Joseph W. Diemert v. FAA

Filing 920070301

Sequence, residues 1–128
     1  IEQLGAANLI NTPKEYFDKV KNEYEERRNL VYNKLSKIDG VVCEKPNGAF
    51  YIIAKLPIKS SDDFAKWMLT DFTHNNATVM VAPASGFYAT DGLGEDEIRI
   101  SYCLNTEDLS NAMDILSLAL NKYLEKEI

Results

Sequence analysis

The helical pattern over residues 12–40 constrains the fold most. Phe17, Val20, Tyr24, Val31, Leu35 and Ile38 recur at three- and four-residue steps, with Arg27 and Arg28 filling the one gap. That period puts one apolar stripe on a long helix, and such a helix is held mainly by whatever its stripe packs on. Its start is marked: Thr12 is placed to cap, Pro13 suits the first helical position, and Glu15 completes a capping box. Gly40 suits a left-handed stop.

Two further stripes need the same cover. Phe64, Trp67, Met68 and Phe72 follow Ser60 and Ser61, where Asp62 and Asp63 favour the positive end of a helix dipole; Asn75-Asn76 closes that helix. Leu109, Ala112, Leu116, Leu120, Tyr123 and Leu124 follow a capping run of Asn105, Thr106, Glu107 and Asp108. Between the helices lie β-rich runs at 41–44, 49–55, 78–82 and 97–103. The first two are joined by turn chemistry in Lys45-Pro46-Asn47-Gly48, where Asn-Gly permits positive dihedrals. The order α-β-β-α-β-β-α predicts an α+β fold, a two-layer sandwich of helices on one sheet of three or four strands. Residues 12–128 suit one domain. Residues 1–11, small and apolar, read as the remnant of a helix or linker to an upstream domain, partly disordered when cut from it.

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NOT RECOMMENDED FOR FULL-TEXT PUBLICATION File Name: 07a0172n.06 Filed: March 1, 2007 Case No. 06-3099 UNITED STATES COURT OF APPEALS FOR THE SIXTH CIRCUIT JOSEPH W. DIEMERT, JR. AND ASSOCIATES CO., L.P.A., Plaintiff-Appellant, v. FEDERAL AVIATION ADMINISTRATION, Defendant-Appellee. _______________________________________ ) ) ) ) ) ) ) ) ) ) ) ON APPEAL FROM THE UNITED STATES DISTRICT COURT FOR THE NORTHERN DISTRICT OF OHIO AT CLEVELAND BEFORE: BATCHELDER and GRIFFIN, Circuit Judges, and PHILLIPS,* District Judge. THOMAS W. PHILLIPS, District Judge. The matter before the Court involves a Freedom of Information Act ("FOIA") request made by plaintiff-appellant to the Federal Aviation Administration ("FAA"). Plaintiff-Appellant's appeal is based on two grounds: (1) plaintiffappellant had exhausted all administrative remedies required by law to be exhausted prior to seeking judicial review of the denial of its FOIA request, and (2) the public interest in the information sought outweighs any privacy interest that might be threatened by disclosure of same. Because we find that release of the information requested would present a "clearly unwarranted invasion of personal privacy," we affirm the decision of the district court on that basis and see no need to address The Honorable Thomas W . Phillips, United States District Judge for the Eastern District of Tennessee, sitting by designation. * plaintiff-appellant's argument regarding exhaustion of administrative remedies. I. Background According to plaintiff-appellant, Ms. Rebecca A. Nelson began receiving monthly payments of Five-Thousand One Hundred and xx/100 Dollars ($5,100.00) from the FAA after an "incident" that occurred while she was working as an air traffic controller for the FAA. According to Ms. Nelson, the "incident" caused her to experience an "adjustment reaction." Ms. Nelson was sent home by the FAA and has not returned to work. In 2002, Ms. Nelson allegedly confided these occurrences to Mr. Warren Anderson, stating that the payments had been arranged to essentially "buy her silence." On December 21, 2004, plaintiff-appellant Joseph W. Diemert, Jr. & Associates Co., L.P.A. ("Diemert") sent a letter to the FAA's Acting FOIA Program Director requesting access to any agency records pertaining to a settlement between Ms. Nelson and the FAA.2 Although Diemert asserts that a response should have been forthcoming within ten days of its letter pursuant to federal regulations, on February 14, 2005, the FAA at Great Lakes Region sent Diemert a letter denying its request pursuant to Exemption 6 of the FOIA, 5 U.S.C. 552 (b)(6), because such records may be in "personnel, medical files, and similar files the disclosures of which would constitute a clearly unwarranted invasion of person [sic] privacy." The letter also explained the right to appeal the denial. Diemert then sent a letter of appeal to the Assistant Administrator for Regions and Center Operations on March 1, 2005. On April 19, 2005, the Executive Manager for Regions and Center It is alleged by the FAA that the requested records are sought because they are relevant to child custody and support issues unrelated to this case. 2 2 Operations sent a letter acknowledging the receipt of the appeal and advised Diemert that it had various Office of Workers' Compensation related records, but that these records did not include a settlement agreement. Regions and Center Operations then advised that it was remanding the request back to the Great Lakes Region for further review of its records for responsive documents. Upon remand, on April 29, 2005, the FAA at Great Lakes Region advised Diemert that the FAA held no records that were responsive to Diemert's request and further advised that Diemert could appeal the FAA's determination within thirty (30) days from the date it received such notice to the Assistant Administrator for Regions and Center Operations. Instead of appealing to the Assistant Administrator, on July 14, 2005 (seventy-six days later), Diemert filed a complaint for injunctive relief against the FAA and the Department of Labor pursuant to 5 U.S.C. 552(a)(4)(b), alleging that the defendants improperly withheld agency records concerning a settlement between the FAA and Ms. Nelson. Defendants both filed motions to dismiss, which were granted by the district judge. Shortly thereafter, on November 2, 2005, Diemert filed a notice of appeal only as to the FAA's motion to dismiss. The previous court order dismissed the complaint against the FAA on two grounds: (1) pursuant to Fed. R. Civ. P. 12(b)(1) for Diemert's failure to exhaust administrative remedies, and (2) on the merits, under Exemption 6 of the FOIA, 5 U.S.C. 552(b)(6).3 3 The Court's Order granting FAA's motion to dismiss is brief, stating only: Motion to Dismiss is granted. This case should be dismissed pursuant to FRCP 12(b)(1) for Plaintiff's failure to exhaust administrative remedies and on the merits under 5 u.s.c. section (sic) 552(b) and exemption 6, inasmuch as 3rd party FOIA request was not accompanied by the necessary release from the person whose records are sought by the 3rd party. 3 II. Analysis The review of the district court's application of the law to the facts is de novo. See Begala v. PNC Bank, Ohio, Nat. Ass'n, 214 F.3d 776, 779 (6th Cir. 2000). The Government is not required to disclose records concerning "matters that are . . . personnel and medical files and similar files the disclosure of which would constitute a clearly unwarranted invasion of personal privacy." 5 U.S.C. 552(b)(6). A court must first consider whether the requested files are the type intended to be protected, that is, whether they are personnel, medical, or similar files. Pacific Molasses Co., v. NLRB, 577 F.2d 1172, 1178 (6th Cir. 1978). If this threshold requirement is met, a court must then balance two compelling and competing interests, that is, the individual's right to privacy and the public's right of free access to government information or public records. Dep't of Air Force v. Rose, 425 U.S. 352, 372-381 (1976). The agency relying on the exemption to prevent disclosure of information bears the burden of establishing that application of the exemption is appropriate. 5 U.S.C. 552 (a)(4)(B); Avondale Indus. v. NLRB, 90 F.3d 955, 958 (5th Cir. 1996); Orion Research, Inc. v. EPA, 615 F.2d 551, 553 (1st Cir. 1980). The Court concludes that documents in workers' compensation files are "personnel and medical files and similar files" within the meaning of the FOIA's Exemption 6. Plain Dealer Publ'g Co. v. U.S. Dep't of Labor, 471 F.Supp. 1023, 1026-1027 (D.D.C. 1979). The documents requested in the instant matter are either workers' compensation files and/or documents similar in nature. U.S. Dep't of State v. Washington Post Co., 456 U.S. 595, 602 (1982) (holding that the terminology of "personnel and medical files and similar files" must be read broadly). Accordingly, the threshold requirement of Exemption 6 has been satisfied. In considering the rights of the private individual 4 compared with the rights of the public, the Court finds that the release of the requested information is clearly an unwarranted invasion of personal privacy in that Diemert is seeking information and verification about a specific individual's income and/or medical information, which has no governmental public interest. The disclosure of such information would only serve the private interests of Diemert. The focus of the FOIA is to ensure that the Government's actions are open for scrutiny, not to reveal private third party information, which happens to be in the warehouse of the Government. See U.S. Dep't of Justice v. Reporters Comm. for Freedom of the Press, 489 U.S. 749, 765-66 (1989); see also Carpenter v. U.S. Dep't of Justice, 470 F.3d 434, 439 (1st Cir. 2006). Moreover, some courts have concluded that where personal privacy interests are implicated, only the individual who owns such interest may validly waive it. See Sherman v. U.S. Dep't of Army, 244 F.3d 357, 364 (5th Cir. 2001). If Diemert wishes to pursue this matter, it is obvious that it can request that Ms. Nelson execute a release for the requested information. As to deletion or redaction of personal details within the documents, the Court finds that deletion or redaction would not serve to protect the individual privacy interest. Disclosing the information about the benefits received may indicate the gravity and extent of injuries, potentially causing Ms. Nelson difficulties in obtaining insurance or being hired by a new employer. Since the Court finds that the request is an unwarranted invasion of personal privacy, there is no need to discuss Diemert's argument regarding exhaustion of administrative remedies. 5 III. Conclusion For the forgoing reasons, we conclude that the district court did not err in dismissing Diemert's complaint against the FAA. Consequently, we deny Diemert's appeal and affirm the district court's decision. 6